Cold creams are making a comeback
Cold creams are oficially back on our beauty radar thanks to a number of big brands launching their very own modern day versions.
So, what exactly are they and should you be using one?
The OG product, Pond’s Extract, was created by American scientist
Theron T Pond in 1846 and was essentially a witchhazel blend to treat cuts and bruises.
However, in the early 20th century, the brand adapted to it into the burgeoning beauty world, replacing its healing blend with two new makeup products, one of which became known as Cold Cream.
The product quickly became a irm favourite among those in the know and still is to this day. Fast forward to present day and the core ingredients and purpose of cold cream remain very much the same — using simple emulsions of high concentrations of mineral oil and waxes, like beeswax, in water to remove makeup and protect your skin against moisture loss. Ideal for dry or sensitive skin, the bathroom cabinet stalwart makes for a worthy addition to your modern day routine because, not only are they relatively affordable and incredibly gentle, they also work double-time to moisturise even the dreariest of complexions. Simply invest in your cold cream of choice, slather onto your skin — damp or dry — and gently wipe off with a wet washcloth. Throughout the summer months our hair has seen its fair share of cool-girl beach waves, messy buns and braids. However, the time has come to forgo undone texture in favour of taming your mane and achieving super-smooth, glossy locks.
And there is no better time to treat yourself to a salon blow-dry than autumn/winter.
This season, bouncy tresses were seen all over the runway from side-parted waves at Balmain to lawlessly-inished styles at Fendi courtesy of Sam Mcknight.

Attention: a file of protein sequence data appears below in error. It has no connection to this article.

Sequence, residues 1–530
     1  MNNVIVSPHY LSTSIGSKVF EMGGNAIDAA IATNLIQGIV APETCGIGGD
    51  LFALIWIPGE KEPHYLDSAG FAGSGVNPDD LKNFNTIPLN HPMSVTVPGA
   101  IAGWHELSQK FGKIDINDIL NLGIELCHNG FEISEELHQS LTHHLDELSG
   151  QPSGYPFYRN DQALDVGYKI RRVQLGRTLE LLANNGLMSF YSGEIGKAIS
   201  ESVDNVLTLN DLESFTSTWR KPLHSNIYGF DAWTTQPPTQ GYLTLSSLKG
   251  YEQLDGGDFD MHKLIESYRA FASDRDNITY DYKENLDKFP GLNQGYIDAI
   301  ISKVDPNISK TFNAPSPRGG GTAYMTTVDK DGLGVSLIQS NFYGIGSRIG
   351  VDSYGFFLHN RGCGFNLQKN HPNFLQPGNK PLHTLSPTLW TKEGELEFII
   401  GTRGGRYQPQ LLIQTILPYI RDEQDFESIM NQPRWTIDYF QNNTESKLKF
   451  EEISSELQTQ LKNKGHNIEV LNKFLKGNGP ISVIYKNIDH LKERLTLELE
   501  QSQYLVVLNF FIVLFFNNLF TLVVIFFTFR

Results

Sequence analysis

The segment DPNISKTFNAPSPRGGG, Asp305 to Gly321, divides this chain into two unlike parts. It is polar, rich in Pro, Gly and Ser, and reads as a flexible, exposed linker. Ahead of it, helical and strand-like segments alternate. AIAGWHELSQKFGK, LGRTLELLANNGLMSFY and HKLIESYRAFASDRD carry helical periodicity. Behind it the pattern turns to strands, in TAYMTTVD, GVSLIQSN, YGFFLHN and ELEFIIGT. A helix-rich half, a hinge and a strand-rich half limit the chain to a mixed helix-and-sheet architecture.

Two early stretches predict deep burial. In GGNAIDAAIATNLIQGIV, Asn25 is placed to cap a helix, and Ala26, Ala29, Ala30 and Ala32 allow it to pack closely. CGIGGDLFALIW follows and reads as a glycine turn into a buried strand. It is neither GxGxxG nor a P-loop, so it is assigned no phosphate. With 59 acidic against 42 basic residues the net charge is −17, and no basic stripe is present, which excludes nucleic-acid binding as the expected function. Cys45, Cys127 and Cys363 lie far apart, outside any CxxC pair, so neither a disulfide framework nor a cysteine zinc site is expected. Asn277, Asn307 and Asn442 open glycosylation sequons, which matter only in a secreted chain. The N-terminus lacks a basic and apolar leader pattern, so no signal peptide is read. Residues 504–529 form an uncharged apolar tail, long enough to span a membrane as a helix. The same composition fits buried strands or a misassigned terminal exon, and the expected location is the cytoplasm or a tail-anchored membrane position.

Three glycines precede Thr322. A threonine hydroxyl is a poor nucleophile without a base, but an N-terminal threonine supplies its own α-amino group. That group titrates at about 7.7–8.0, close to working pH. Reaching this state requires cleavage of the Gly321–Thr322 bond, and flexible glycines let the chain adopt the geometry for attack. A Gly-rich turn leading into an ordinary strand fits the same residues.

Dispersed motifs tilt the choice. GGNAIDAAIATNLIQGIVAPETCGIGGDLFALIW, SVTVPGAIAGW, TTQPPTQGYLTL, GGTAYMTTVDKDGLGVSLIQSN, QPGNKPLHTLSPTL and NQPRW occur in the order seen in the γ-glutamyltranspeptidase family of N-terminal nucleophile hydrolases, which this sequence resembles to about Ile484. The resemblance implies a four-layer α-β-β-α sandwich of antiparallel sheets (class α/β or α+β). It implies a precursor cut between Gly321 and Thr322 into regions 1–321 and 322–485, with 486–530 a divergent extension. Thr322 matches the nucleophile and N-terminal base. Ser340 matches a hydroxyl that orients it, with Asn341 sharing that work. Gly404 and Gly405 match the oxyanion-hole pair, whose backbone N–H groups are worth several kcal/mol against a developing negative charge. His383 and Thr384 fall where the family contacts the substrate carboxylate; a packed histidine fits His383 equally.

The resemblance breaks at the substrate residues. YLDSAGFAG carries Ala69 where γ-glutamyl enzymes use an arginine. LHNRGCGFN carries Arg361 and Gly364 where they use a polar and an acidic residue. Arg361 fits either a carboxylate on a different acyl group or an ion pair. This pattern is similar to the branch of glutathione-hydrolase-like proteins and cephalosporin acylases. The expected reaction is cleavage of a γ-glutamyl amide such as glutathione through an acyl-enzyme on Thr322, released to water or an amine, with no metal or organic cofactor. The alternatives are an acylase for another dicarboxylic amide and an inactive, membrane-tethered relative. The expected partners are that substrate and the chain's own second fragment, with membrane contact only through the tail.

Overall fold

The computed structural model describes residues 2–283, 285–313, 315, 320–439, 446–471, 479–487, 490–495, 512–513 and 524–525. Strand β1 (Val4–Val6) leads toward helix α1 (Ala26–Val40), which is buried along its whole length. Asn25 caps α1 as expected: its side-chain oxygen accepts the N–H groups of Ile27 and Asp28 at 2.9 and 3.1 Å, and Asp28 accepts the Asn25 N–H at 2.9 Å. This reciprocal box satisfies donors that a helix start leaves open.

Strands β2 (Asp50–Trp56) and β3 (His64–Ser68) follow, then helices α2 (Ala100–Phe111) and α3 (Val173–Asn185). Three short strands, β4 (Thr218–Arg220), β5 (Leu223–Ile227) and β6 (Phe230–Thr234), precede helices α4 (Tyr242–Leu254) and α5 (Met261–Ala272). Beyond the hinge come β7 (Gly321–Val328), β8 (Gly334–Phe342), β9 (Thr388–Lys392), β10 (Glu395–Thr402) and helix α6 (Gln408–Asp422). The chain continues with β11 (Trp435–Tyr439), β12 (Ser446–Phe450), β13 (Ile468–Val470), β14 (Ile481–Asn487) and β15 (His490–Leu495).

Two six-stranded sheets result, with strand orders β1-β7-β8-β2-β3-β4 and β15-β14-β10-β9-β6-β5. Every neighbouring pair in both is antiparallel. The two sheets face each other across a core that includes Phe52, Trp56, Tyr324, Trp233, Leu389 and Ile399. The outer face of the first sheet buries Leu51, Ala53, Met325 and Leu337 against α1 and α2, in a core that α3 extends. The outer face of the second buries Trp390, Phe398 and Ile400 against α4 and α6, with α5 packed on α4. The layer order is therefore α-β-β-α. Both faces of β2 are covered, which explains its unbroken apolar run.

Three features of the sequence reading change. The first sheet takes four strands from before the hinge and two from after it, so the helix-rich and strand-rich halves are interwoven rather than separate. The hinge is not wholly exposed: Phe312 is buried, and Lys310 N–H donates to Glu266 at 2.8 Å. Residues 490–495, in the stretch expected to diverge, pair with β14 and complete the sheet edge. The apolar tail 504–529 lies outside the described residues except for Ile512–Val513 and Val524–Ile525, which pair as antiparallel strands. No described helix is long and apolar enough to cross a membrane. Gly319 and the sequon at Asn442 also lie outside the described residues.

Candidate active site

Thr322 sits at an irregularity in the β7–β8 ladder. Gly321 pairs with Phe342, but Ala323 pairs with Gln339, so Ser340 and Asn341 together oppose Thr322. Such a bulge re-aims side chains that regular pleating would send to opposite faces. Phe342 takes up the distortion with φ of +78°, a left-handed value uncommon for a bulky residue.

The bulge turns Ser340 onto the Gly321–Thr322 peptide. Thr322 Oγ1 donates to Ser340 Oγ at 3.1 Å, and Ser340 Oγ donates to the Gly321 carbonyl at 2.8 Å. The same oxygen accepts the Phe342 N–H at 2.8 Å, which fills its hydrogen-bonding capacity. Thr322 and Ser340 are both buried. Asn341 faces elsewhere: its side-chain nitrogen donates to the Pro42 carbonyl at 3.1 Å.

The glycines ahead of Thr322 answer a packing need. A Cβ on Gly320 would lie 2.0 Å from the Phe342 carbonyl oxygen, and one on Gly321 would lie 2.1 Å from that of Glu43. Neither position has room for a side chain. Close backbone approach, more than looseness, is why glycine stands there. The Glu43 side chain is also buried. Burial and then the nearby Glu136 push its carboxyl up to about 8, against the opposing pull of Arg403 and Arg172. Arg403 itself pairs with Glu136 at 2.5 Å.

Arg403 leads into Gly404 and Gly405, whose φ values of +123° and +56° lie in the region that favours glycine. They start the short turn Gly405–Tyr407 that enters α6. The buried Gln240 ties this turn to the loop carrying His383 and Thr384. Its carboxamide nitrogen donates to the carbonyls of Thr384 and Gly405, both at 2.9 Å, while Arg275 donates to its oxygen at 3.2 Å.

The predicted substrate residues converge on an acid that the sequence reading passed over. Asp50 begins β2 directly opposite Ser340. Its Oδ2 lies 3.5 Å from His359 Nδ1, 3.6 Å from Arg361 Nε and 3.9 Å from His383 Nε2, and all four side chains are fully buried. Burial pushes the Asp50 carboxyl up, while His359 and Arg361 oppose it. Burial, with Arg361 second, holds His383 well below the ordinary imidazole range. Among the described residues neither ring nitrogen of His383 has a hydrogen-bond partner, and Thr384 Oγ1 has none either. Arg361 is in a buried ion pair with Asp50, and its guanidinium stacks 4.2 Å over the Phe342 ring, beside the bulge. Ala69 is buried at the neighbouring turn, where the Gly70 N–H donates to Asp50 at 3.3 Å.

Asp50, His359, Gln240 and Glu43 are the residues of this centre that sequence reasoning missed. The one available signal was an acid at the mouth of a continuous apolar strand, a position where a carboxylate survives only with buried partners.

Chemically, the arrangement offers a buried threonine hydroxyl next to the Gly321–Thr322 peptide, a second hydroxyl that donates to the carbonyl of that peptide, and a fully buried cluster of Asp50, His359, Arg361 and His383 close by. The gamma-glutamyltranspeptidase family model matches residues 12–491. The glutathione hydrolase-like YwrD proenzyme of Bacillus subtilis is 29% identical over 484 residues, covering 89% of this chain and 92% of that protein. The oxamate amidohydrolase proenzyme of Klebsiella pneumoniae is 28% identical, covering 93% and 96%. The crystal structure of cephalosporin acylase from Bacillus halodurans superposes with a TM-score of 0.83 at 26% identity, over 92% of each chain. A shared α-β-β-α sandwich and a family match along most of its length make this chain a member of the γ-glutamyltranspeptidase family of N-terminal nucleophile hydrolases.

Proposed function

Sadly, an everyday glossy A-list blow-dry is out of the questions for most of us – but don’t despair, because there are actually plenty of tricks you can employ to achieve the ultimate athome blow. The way you blow-dry your hair can make or break the end result, so to ind out the best techniques we spoke to hairstylist and GHD UK ambassador, Zoë Irwin.
“Once you’re out of the shower with freshly washed hair don’t try to tackle it instantly with a dryer and brush. Your hair doesn’t start to take shape until the last 20 per cent of the drying process and using high heat and brushing wet hair can be very damaging, so this is wasted energy.”
Instead, Irwin suggests applying a small amount of serum or hair oil through your hair along with a heat protector before tilting your locks to the side and drying with a medium heat up in a circular motion. “Remember, heat rises so the most eficient way is to dry the hair from the underneath up,” she adds.
Once your hair is 80 per cent dry, Irwin says the next step is to section your hair from air to ear. Then place a brush underneath the hair and hold your hairdryer over it, following through to the ends. When working on the back separate the hair in the centre and bring around and forward over the shoulder. This will make it easier to style and control.
Top tip: Use the nozzle on your hairdryer for an even smoother inish.